But that early promise quickly hit the cold reality that large-scale projects frequently encounter large-scale problems. The ITER project never enjoyed an easy life, especially when the United States withdrew its support in 1998, hopped in again in 2005, then drastically reduced its outlays for the project in 2008.

An external report in 2013 blamed a series of missed deadlines and cost overruns on the ITER organization’s weak management of a decentralized organization. The total estimated cost for the project is now at €15 billion (about $16.5 billion), which is almost double the cost of CERN's Large Hadron Collider. Despite that level of government largesse, recent plans to achieve “first plasma” by 2020, and the first demonstration of energy production by 2027, are now being revised. A new schedule should be finalized by the end of the year.

So, what happens if the sponsors of the reactor, located in Cadarache in Southern France, decide to pull the plug? Contracts totaling €6.5 billion (about $7 billion)— €3.5 billion of which are for completing construction on the site—would be in limbo. The 500 contractors who now work on the building site would be out of work. So might the 600 staffers employed directly by ITER organization with its €275 million annual budget. According to ITER, 72 percent of these employees are engineers and scientists.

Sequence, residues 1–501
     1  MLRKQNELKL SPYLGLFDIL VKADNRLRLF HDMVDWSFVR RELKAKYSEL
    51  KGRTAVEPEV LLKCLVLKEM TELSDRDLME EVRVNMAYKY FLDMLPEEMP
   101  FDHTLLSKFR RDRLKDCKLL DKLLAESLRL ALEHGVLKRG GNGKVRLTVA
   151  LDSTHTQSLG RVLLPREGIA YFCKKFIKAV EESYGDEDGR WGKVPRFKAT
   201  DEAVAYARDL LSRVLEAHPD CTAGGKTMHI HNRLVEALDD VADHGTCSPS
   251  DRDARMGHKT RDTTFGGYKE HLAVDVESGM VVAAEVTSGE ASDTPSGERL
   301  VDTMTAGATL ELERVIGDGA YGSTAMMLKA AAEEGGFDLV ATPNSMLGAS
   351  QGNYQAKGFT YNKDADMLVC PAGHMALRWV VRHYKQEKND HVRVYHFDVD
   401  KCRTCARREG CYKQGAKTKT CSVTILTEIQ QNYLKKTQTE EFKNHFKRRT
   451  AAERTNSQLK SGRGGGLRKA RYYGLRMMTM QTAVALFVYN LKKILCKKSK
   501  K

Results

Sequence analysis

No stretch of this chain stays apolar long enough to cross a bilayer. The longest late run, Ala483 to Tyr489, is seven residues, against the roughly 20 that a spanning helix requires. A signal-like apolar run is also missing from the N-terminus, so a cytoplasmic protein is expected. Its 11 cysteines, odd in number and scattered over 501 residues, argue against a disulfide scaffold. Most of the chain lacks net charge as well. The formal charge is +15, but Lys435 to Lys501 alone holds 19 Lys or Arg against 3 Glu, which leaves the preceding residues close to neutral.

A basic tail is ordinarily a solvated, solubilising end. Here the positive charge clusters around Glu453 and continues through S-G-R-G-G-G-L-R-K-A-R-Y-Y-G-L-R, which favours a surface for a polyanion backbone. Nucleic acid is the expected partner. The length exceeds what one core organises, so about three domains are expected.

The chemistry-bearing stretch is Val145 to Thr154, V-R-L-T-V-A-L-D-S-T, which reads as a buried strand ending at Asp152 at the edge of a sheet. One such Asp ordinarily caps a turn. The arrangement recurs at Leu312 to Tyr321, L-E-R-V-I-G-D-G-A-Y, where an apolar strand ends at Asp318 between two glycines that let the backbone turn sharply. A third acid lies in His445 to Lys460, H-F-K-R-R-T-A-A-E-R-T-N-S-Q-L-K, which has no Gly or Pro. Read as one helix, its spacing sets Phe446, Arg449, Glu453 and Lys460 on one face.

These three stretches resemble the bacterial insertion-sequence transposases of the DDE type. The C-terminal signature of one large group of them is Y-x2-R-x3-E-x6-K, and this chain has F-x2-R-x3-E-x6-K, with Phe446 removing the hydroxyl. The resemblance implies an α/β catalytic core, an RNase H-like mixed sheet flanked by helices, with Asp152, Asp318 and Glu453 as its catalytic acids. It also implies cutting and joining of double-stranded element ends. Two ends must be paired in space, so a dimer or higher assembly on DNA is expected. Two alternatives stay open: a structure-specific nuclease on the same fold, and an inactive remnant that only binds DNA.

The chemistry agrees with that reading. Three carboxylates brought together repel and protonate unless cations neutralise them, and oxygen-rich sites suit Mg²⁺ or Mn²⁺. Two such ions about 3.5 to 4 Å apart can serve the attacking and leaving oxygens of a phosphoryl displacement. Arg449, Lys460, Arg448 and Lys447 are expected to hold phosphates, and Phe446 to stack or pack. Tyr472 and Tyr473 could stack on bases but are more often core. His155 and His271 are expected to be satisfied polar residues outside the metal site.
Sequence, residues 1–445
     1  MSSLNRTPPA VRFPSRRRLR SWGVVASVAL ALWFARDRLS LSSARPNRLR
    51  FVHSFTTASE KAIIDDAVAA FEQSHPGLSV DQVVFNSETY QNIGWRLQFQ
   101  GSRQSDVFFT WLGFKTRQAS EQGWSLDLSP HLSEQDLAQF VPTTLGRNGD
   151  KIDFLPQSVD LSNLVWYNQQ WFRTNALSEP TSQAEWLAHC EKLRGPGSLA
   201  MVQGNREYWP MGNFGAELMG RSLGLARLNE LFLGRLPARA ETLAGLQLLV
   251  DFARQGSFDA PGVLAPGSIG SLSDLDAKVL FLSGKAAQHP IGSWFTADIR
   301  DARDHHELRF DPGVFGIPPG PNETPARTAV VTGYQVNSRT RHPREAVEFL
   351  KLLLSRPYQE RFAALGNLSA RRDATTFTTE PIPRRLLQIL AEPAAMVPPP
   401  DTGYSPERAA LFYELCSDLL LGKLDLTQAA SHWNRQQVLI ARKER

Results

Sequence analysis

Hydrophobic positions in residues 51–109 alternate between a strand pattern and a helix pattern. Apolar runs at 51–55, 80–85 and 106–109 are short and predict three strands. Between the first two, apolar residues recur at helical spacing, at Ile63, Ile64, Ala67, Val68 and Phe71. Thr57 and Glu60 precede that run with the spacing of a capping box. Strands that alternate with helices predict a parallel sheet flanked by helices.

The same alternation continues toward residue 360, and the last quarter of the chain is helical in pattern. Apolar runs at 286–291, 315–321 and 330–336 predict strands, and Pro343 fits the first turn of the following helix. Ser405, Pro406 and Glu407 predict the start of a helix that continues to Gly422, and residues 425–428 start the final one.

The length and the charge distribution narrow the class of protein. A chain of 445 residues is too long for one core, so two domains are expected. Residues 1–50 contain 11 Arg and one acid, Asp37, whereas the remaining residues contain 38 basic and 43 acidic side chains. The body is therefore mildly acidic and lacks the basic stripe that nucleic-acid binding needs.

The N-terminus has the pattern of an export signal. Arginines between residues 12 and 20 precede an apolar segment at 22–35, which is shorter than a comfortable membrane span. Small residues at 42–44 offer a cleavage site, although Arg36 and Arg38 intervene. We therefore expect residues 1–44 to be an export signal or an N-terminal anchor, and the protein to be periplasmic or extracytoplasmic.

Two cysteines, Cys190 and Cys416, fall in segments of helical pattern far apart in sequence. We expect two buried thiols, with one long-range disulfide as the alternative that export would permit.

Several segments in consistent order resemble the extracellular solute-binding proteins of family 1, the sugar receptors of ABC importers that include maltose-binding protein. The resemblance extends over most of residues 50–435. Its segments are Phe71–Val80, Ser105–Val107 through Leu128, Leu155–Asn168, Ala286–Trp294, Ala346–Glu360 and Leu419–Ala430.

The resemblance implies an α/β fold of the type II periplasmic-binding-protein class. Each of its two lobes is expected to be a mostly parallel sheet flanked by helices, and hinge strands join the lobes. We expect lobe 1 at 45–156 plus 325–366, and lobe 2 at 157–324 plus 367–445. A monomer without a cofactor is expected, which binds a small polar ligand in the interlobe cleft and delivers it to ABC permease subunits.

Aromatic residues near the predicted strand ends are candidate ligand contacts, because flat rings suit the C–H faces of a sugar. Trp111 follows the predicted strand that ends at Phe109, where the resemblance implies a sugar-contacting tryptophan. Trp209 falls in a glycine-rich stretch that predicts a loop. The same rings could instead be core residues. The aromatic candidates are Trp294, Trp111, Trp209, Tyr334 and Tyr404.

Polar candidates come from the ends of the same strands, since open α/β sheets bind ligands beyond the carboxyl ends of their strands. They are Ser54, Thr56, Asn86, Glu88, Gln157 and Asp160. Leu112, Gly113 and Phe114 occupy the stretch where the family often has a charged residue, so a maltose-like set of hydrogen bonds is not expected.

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New Trick Promises Perovskite Solar Films For Windows and Walls

A new low-temperature method for making perovskite solar cells paves the way for high-efficiency, colorful, see-through photovoltaic films that could be laminated on windows or plastered on walls.

Perovskite solar cells have become darlings of the photovoltaic world in the past five years. Their efficiencies in that time have soared from a meager 4% to over 20%, quickly catching up to silicon’s 25%.

Another appeal of these solar cells is that the light-absorbing perovskite layers are easy and much cheaper to make than silicon wafers. Mix some precursor chemical solutions, coat it on a substrate and then heat it to evaporate the solvent, and you have yourself a film of perovskite crystals.